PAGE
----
Highly activated/expanded natural killer (NK) cells can be generated by stimulation with the human leukocyte antigen-deficient cell line K562, genetically modified to express 41BB-ligand and membrane-bound interleukin (IL)15. We tested the safety, persistence, and activity of expanded NK cells generated from myeloma patients (auto-NK) or haploidentical family donors (allo-NK) in heavily pretreated patients with high-risk relapsing myeloma. The preparative regimen comprised bortezomib only or bortezomib and immunosuppression with cyclophosphamide, dexamethasone, and fludarabine. NK cells were shipped overnight either cryopreserved or fresh. In 8 patients, up to 1×10⁸ NK cells/kg were infused on day 0 and followed by daily administrations of IL2. Significant in vivo expansion was observed only in the 5 patients receiving fresh products, peaking at or near day 7, with the highest NK-cell counts in 2 subjects who received cells produced in a high concentration of IL2 (500 U/mL). Seven days after infusion, donor NK cells comprised >90% of circulating leukocytes in fresh allo-NK cell recipients, and cytolytic activity against allogeneic myeloma targets was retained in vitro. Among the 7 evaluable patients, there were no serious adverse events that could be related to NK-cell infusion. One patient had a partial response and in another the tempo of disease progression decreased; neither patient required further therapy for 6 months. In the 5 remaining patients, disease progression was not affected by NK-cell infusion. In conclusion, infusion of large numbers of expanded NK cells was feasible and safe; infusing fresh cells was critical to their expansion in vivo.

Cao S, Strong MJ, Wang X, et al.
High-throughput RNA sequencing-based virome analysis of 50 lymphoma cell lines from the Cancer Cell Line Encyclopedia project.
J Virol. 2015; 89(1):713-29 [PubMed] Article available free on PMC after 01/04/2017 Related Publications
UNLABELLED: Using high-throughput RNA sequencing data from 50 common lymphoma cell culture models from the Cancer Cell Line Encyclopedia project, we performed an unbiased global interrogation for the presence of a panel of 740 viruses and strains known to infect human and other mammalian cells. This led to the findings of previously identified infections by Epstein-Barr virus (EBV), Kaposi's sarcoma herpesvirus (KSHV), and human T-lymphotropic virus type 1 (HTLV-1). In addition, we also found a previously unreported infection of one cell line (DEL) with a murine leukemia virus. High expression of murine leukemia virus (MuLV) transcripts was observed in DEL cells, and we identified four transcriptionally active integration sites, one being in the TNFRSF6B gene. We also found low levels of MuLV reads in a number of other cell lines and provided evidence suggesting cross-contamination during sequencing. Analysis of HTLV-1 integrations in two cell lines, HuT 102 and MJ, identified 14 and 66 transcriptionally active integration sites with potentially activating integrations in immune regulatory genes, including interleukin-15 (IL-15), IL-6ST, STAT5B, HIVEP1, and IL-9R. Although KSHV and EBV do not typically integrate into the genome, we investigated a previously identified integration of EBV into the BACH2 locus in Raji cells. This analysis identified a BACH2 disruption mechanism involving splice donor sequestration. Through viral gene expression analysis, we detected expression of stable intronic RNAs from the EBV BamHI W repeats that may be part of long transcripts spanning the repeat region. We also observed transcripts at the EBV vIL-10 locus exclusively in the Hodgkin's lymphoma cell line, Hs 611.T, the expression of which were uncoupled from other lytic genes. Assessment of the KSHV viral transcriptome in BCP-1 cells showed expression of the viral immune regulators, K2/vIL-6, K4/vIL-8-like vCCL1, and K5/E2-ubiquitin ligase 1 that was significantly higher than expression of the latency-associated nuclear antigen. Together, this investigation sheds light into the virus composition across these lymphoma model systems and provides insights into common viral mechanistic principles.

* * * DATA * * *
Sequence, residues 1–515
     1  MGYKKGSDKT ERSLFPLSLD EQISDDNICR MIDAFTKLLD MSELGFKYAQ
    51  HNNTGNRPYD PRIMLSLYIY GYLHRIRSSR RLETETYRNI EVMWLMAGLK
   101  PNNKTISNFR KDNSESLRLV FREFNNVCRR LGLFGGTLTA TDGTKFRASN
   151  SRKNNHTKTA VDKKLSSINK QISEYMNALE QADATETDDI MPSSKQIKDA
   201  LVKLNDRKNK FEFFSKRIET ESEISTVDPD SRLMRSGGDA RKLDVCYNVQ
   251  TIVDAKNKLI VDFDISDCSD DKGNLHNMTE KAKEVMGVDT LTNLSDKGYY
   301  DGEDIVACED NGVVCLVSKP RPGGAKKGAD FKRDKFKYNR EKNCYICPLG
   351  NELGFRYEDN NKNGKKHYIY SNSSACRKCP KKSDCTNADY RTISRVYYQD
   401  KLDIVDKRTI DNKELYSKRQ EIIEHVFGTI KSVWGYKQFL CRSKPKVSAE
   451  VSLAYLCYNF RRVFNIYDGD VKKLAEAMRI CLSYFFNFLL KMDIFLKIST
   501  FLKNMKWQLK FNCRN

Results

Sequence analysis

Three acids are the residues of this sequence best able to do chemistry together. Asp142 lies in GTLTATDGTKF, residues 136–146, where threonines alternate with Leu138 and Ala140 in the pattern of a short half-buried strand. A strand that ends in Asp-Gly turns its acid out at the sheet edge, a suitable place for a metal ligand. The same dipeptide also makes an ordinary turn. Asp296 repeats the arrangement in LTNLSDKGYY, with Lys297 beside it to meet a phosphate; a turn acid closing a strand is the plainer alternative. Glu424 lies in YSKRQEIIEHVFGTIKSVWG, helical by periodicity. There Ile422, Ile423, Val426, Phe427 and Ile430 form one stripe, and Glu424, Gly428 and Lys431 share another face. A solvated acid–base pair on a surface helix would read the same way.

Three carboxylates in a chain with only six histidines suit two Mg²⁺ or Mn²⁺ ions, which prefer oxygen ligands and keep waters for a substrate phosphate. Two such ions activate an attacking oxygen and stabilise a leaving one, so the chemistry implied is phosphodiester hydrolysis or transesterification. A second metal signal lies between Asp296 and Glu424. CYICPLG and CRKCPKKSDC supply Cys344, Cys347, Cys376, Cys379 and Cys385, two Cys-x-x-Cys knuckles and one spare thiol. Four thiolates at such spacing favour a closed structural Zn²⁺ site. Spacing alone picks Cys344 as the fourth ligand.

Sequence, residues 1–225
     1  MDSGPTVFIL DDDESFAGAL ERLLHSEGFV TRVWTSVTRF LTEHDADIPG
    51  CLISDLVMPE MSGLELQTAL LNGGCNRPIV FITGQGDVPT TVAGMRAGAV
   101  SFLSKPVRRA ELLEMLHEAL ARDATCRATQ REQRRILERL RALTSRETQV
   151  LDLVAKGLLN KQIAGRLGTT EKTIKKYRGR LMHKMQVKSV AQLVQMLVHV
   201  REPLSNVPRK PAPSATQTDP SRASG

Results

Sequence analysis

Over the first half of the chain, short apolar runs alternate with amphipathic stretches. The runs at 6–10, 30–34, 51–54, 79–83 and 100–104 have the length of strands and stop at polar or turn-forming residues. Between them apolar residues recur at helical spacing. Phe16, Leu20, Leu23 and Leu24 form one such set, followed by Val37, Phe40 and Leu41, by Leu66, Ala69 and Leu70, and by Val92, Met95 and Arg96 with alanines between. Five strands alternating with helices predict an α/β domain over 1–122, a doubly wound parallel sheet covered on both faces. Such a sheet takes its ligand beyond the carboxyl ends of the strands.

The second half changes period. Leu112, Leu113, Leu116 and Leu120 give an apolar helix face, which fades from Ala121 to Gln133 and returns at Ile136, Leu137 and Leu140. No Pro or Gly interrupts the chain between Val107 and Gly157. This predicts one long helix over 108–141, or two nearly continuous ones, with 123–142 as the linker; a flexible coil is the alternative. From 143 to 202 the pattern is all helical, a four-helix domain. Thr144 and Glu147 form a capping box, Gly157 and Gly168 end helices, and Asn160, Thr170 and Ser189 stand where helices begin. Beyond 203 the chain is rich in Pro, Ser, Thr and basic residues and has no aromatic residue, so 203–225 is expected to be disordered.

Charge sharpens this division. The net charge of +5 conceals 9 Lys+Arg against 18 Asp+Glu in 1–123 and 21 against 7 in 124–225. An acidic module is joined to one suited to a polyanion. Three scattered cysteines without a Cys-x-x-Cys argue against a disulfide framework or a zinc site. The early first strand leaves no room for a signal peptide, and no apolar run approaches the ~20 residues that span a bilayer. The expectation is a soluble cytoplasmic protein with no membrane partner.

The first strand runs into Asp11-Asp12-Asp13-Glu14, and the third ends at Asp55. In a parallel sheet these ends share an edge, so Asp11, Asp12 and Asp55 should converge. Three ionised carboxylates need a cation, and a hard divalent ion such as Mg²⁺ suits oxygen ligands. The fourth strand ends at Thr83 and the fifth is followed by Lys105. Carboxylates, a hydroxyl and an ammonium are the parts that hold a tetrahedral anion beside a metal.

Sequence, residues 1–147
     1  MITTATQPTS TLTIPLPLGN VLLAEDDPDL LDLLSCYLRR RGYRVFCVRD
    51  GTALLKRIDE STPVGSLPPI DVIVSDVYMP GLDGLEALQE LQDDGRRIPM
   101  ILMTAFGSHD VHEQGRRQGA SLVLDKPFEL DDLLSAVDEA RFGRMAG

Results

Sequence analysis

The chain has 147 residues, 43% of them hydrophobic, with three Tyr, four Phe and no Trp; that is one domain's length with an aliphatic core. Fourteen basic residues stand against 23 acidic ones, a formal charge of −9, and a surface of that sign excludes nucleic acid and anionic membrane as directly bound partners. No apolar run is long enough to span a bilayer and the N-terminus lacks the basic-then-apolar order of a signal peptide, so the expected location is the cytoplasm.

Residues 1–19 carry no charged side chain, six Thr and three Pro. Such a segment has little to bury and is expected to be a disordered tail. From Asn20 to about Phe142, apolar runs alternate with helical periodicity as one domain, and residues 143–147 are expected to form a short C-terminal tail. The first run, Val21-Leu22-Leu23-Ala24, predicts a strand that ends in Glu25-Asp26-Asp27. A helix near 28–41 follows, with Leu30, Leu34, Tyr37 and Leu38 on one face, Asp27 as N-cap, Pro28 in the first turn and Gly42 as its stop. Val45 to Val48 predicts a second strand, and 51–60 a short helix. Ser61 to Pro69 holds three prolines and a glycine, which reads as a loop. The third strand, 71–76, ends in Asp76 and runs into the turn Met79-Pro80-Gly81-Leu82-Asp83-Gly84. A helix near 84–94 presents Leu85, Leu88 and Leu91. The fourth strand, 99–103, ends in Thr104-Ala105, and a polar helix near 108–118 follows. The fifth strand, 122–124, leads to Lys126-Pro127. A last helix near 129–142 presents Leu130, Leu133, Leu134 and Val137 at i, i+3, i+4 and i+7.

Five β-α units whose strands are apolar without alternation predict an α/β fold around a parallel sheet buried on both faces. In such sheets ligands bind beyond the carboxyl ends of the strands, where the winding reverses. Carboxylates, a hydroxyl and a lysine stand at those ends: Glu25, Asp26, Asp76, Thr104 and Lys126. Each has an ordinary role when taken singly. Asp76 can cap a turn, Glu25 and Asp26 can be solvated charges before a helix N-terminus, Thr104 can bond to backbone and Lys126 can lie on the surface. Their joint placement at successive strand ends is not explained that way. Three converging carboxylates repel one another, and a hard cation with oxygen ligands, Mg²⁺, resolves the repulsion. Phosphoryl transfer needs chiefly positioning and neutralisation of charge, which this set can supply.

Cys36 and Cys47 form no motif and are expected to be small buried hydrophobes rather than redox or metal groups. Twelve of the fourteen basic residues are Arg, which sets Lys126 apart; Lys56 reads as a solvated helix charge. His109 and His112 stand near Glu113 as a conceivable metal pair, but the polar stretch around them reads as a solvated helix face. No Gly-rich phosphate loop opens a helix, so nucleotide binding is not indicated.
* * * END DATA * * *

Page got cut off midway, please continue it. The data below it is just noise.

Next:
IMPORTANCE: Viruses cause cancer in humans. In lymphomas the Epstein-Barr virus (EBV), Kaposi's sarcoma herpesvirus (KSHV) and human T-lymphotropic virus type 1 are major contributors to oncogenesis. We assessed virus-host interactions using a high throughput sequencing method that facilitates the discovery of new virus-host associations and the investigation into how the viruses alter their host environment. We found a previously unknown murine leukemia virus infection in one cell line. We identified cellular genes, including cytokine regulators, that are disrupted by virus integration, and we determined mechanisms through which virus integration causes deregulation of cellular gene expression. Investigation into the KSHV transcriptome in the BCP-1 cell line revealed high-level expression of immune signaling genes. EBV transcriptome analysis showed expression of vIL-10 transcripts in a Hodgkin's lymphoma that was uncoupled from lytic genes. These findings illustrate unique mechanisms of viral gene regulation and to the importance of virus-mediated host immune signaling in lymphomas.

Van den Bergh JM, Van Tendeloo VF, Smits EL
Interleukin-15: new kid on the block for antitumor combination therapy.
Cytokine Growth Factor Rev. 2015; 26(1):15-24 [PubMed] Related Publications